A Game of Fives
for tenor and piano
Five little girls, of Five, Four, Three, Two, One:
Rolling on the hearthrug, full of tricks and fun.
Five rosy girls, in years from Ten to Six:
Sitting down to lessons—no more time for tricks.
Five growing girls, from Fifteen to Eleven:
Music, Drawing, Languages, and food enough for seven!
Five winsome girls, from Twenty to Sixteen:
Each young man that calls, I say “Now tell me which you mean!”
Five dashing girls, the youngest Twenty-one:
But, if nobody proposes, what is there to be done?
Five showy girls—but Thirty is an age
When girls may be engaging, but they somehow don’t engage.
Five dressy girls, of Thirty-one or more:
So gracious to the shy young men they snubbed so much before!
Five passé girls—Their age? Well, never mind!
We jog along together, like the rest of human kind:
But the quondam “careless bachelor” begins to think he knows
The answer to that ancient problem “how the money goes”!
6 pages, circa 4' 00"
Detail from Charles Dodgson's photograph of the MacDonald family, 1863.
The theme of girls in a family is found throughout many cultures, but
in the Victorian era of Lewis Carroll "girls" could be an expense quite
different from "boys." Carroll plays his "game of fives" over decades as
these girls age, not not "engage" and become "spinsters" -- a term
rooted in the notion that unmarried older women spent their time at the
spinning wheel, while remaining financially connected to the larger
family. Dodgson -- Carroll -- was a friend to the Scottish poet, George
MacDonald, and his family, whose children called him "Uncle."
“A Game of Fives” was first published in 1869 in Phantasmagoria and
Other Poems, six years after he took the photograph above. For other
settings of Carroll's texts, click
The setting is in 5/4, counting the number of girls thereby, while the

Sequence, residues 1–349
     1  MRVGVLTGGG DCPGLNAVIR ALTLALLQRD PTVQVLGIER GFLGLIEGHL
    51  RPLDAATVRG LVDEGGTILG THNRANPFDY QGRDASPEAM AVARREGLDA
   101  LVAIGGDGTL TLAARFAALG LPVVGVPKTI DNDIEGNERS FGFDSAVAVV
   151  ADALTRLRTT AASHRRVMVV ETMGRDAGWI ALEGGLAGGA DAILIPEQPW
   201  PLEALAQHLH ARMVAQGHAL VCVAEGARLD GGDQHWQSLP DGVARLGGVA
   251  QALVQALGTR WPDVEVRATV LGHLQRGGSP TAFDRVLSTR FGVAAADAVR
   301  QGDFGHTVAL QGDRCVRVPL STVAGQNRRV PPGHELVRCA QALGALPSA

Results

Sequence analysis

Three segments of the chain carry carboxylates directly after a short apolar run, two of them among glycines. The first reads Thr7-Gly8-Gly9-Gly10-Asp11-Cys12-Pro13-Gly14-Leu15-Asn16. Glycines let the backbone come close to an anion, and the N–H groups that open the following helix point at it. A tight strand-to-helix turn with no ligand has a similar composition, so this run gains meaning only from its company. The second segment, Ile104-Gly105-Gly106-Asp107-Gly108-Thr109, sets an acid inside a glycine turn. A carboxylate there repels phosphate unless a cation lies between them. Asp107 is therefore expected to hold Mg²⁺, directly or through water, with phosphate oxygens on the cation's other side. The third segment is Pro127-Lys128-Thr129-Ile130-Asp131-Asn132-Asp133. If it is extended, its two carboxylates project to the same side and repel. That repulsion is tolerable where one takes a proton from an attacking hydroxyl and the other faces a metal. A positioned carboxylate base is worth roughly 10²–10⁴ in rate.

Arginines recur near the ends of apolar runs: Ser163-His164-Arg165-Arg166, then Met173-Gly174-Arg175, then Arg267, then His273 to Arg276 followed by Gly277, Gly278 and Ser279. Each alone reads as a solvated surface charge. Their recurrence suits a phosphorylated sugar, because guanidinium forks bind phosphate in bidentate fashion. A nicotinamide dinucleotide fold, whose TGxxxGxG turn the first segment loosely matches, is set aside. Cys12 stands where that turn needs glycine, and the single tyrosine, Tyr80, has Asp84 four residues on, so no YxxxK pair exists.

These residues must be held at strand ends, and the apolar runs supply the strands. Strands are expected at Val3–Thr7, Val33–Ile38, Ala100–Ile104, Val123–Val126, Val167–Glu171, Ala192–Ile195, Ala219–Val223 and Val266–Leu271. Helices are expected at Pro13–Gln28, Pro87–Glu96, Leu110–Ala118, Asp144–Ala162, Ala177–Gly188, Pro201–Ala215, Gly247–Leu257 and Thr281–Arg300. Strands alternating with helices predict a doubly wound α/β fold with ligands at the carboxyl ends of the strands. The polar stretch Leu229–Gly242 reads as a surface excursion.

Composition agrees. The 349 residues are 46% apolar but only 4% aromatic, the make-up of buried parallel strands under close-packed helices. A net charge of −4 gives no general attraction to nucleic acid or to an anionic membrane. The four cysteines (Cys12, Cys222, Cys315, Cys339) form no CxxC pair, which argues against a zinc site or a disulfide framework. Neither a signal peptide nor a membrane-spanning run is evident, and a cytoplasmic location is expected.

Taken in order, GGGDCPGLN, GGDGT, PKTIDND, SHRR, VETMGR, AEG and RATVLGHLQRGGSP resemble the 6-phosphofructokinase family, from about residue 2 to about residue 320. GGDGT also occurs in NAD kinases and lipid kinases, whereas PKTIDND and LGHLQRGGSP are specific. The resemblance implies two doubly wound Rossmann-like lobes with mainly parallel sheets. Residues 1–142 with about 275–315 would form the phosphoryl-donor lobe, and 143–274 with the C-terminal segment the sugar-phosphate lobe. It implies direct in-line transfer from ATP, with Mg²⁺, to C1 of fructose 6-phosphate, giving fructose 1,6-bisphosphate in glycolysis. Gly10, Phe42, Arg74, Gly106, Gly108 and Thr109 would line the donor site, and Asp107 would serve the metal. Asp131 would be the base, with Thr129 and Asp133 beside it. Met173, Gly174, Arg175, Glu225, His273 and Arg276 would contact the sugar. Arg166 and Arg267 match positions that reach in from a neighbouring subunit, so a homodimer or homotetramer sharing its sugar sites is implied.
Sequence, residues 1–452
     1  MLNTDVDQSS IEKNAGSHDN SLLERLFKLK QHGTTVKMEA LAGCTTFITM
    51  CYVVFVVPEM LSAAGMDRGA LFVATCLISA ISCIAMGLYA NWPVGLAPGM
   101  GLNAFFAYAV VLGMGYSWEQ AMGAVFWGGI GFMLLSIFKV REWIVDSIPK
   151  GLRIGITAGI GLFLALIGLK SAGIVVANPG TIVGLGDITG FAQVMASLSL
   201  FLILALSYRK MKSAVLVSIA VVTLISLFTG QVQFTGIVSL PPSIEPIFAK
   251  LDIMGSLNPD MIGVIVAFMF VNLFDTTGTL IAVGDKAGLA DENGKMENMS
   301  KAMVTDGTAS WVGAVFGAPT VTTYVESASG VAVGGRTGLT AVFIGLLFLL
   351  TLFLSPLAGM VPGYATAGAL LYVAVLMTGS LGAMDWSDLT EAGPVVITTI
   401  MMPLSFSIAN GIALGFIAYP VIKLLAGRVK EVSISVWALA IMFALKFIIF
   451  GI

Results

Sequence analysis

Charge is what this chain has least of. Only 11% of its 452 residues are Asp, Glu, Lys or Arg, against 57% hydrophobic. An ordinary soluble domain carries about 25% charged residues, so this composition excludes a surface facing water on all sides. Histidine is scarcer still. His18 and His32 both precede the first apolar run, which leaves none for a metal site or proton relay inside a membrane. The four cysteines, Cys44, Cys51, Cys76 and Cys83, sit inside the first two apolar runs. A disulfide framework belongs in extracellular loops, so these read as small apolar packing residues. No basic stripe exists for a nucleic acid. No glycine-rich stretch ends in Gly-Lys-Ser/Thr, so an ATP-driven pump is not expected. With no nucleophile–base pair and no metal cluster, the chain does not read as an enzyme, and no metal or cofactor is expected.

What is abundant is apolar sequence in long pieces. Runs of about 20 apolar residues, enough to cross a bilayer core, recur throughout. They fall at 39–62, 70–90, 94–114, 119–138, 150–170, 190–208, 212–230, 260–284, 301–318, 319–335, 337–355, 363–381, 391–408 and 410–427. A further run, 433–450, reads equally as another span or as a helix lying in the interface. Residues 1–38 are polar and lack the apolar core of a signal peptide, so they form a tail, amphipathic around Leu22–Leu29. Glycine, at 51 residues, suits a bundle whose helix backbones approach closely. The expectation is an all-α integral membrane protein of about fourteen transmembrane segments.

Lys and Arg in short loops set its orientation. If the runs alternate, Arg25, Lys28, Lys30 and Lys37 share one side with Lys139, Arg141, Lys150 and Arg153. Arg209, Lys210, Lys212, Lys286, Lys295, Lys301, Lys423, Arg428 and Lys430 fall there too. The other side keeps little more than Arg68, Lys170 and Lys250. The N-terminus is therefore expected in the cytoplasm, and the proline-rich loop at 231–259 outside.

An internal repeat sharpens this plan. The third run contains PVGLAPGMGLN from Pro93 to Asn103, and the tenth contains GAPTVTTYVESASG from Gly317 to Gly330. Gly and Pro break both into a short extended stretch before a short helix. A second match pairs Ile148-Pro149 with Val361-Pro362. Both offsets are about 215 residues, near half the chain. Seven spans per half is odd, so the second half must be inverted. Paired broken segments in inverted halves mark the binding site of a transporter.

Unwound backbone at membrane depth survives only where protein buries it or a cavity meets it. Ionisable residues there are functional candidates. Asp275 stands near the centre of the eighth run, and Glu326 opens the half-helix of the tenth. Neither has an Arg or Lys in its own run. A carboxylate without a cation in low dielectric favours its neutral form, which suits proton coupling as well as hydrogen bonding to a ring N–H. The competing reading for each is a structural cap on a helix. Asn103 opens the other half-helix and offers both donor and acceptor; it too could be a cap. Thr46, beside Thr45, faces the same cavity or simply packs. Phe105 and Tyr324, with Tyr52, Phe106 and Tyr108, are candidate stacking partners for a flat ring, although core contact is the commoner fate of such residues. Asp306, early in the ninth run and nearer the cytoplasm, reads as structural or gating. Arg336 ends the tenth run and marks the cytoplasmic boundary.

opening gestures are constructed of fifths, thinking about Carroll's
penchant for word games, mathematics and acrostics. Thus, this musical
game is much about five. The thematic two quarters, a triplet and two
more quarters as found in the accompaniment "spins" on through the
setting, moving to D flat, G flat, G, and finally back to the tonic of C
The vocal line plays the part of the father (or perhaps their uncle), at
first enchanted by his girls, then more urgently concerned about costs,
then confusion about suitors calling on which of the girls, then worry
when the suitors do not propose marriage, then acknowledging that the
"girls" perhaps may have been too picky as regards suitable suitors no
longer courting them, and finally the rather harsh and yet caring
judgment of these "girls" becoming passé.
The summary? It is all about "how the money goes," in this poetic
snapshot of one facet of that time and place and society. A final
dramaturgical moment conflates all the adjectives together, as the
initial observation of "little" move all too quickly towards "passé."
The score for
A Game of Fives is available as a free PDF download, though any major
commercial performance or recording of the work is prohibited without prior
arrangement with the composer. Click on the graphic below for this
Game of Fives